As for funding for the $19 million project, Jackson at the Jacksonville Army Corps Office wrote in an email this week that Congress has not allocated any money at this point. “Having the [FDEP] permit in hand will help expedite the critical work once the project is funded,” she added.
Congress no longer earmarks funding for such projects, DavisShaw told the News Leader. The necessary money tends to come in the form of federal grants, she added.
While state grant funds and county Tourism Development Tax revenue will cover a portion of the expense, the Army Corps has said federal money will be needed for about 62 percent of the cost.
Application and response
The Army Corps of Engineers submitted its permit application to the FDEP on March 16 for the Lido Renourishment Project. On March 30 of this year, Col. Alan Dodd, a district engineer for the U.S. Army, provided a letter saying he had reviewed the Army Corps’ Environmental Assessment (EA) regarding the plans to dredge the ebb shoal of Big Pass for sand to place on Lido Key. Dodd concluded “the proposed action will have no significant impact on the quality of the human environment.” He further determined that no Environmental Impact Statement (EIS) was necessary. An EIS is considered to be a much more complete review than an EA of the potential ramifications of a project, community critics have pointed out.
In a May 14 letter to the Army Corps at its Jacksonville District office, Justin Bloom, executive director of Suncoast Waterkeeper, writing for his nonprofit organization and Save Our Siesta Sand 2, pointed out that both repeatedly had called for a full EIS. He added that such an undertaking would be appropriate given the proposed dredging project’s size, 50-year duration, potential impacts and “proximity to Siesta Key, one of [the] premier, if not the premier, beach in the United States …”
Bloom wrote that the plan of the Army Corps and the City of Sarasota to dredge Big Pass “has raised immediate concerns about Sarasota committing to a 50 year plan to dredge enough sand to bury the Empire State Building four times over …”
Bloom further pointed out that the National Environmental Policy Act of 1969, “one of the foundations of our environmental laws, demands rigorous and objective analysis of a proposed project’s environmental and community impacts, as well as alternatives to the project proposal that lead to informed, realistic governmental decision making.”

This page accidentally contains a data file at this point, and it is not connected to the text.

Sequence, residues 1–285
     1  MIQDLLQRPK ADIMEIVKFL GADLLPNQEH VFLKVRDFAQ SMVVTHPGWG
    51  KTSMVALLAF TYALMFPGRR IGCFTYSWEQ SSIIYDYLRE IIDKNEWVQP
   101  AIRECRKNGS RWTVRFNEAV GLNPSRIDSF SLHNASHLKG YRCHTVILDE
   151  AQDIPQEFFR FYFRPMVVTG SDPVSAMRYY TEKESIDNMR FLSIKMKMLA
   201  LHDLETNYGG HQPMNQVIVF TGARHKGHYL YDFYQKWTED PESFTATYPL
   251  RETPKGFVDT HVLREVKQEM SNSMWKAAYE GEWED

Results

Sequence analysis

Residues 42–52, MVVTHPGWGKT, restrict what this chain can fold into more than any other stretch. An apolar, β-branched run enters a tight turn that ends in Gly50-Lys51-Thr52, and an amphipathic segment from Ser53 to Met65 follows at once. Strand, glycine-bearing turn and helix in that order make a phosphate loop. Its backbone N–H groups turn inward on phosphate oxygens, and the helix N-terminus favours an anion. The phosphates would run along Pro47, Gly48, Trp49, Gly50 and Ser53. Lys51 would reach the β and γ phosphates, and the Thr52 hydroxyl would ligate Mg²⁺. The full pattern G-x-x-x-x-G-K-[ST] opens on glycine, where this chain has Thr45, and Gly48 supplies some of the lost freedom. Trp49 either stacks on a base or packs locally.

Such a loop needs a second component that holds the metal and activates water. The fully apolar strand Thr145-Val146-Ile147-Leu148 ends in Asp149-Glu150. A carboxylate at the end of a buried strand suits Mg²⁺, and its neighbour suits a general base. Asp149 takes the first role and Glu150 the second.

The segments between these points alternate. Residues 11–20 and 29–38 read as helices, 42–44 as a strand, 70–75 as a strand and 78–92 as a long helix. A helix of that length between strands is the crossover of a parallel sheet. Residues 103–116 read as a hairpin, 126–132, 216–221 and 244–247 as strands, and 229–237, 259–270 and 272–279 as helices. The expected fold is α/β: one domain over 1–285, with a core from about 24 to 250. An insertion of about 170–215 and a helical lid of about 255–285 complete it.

In its permit application to the FDEP, the Army Corps wrote that the level at which sand has been lost on Lido Key has resulted in the State of Florida classifying the beach as “critically eroded.”
“Approximately 3,200 feet of the shoreline within the project area is developed beachfront park and represents multi-million dollar public investment,” the application continues.
“The beach nourishment and groin construction project will result in storm protection for both public and private interests,” it adds. “Several hotels and large condominium residences lie within the project limits and will derive storm protection” from the project, the application says. “The proposed beach project will protect the properties which are major contributors to the local tax base,” the application points out.
RAI No. 1
In its 19-page Request for Additional Information No. 1, FDEP staff referenced 37 facets of the Army Corps’ application. Among the sections for which it sought more details were those covering the following:
- Volume of material that would be removed from Big Pass and from New Pass. (The Army Corps has proposed alternating use of dredge material from the two sites every five years.)
- Discrepancies in the details provided about the dredging process itself.
- The need for “construction and design templates that minimize impacts to marine turtles.”
- Clarification about whether the renourishment of Lido Key Beach every five years over the life of the project is designed to create a 200-foot-wide shoreline each time, because erosion is expected to diminish the width to 80 feet by the end of each five-year period.
- Further details about the impacts on seagrass in the borrow areas.
- A “biological monitoring plan that provides reasonable assurance that the current condition of all natural communities that may be impacted by the project will be thoroughly characterized prior to and following construction, and that any potential impacts to resources will be documented …”
- The necessity of the Army Corps receiving approval from the Division of Historical Resources (DHR) within the Florida Department of State, because “There are 23 anomalies identified in the vicinity of the borrow areas. … Furthermore, DHR has indicated that the anomalies and targets are potentially significant historic zones, and should be avoided during construction ….”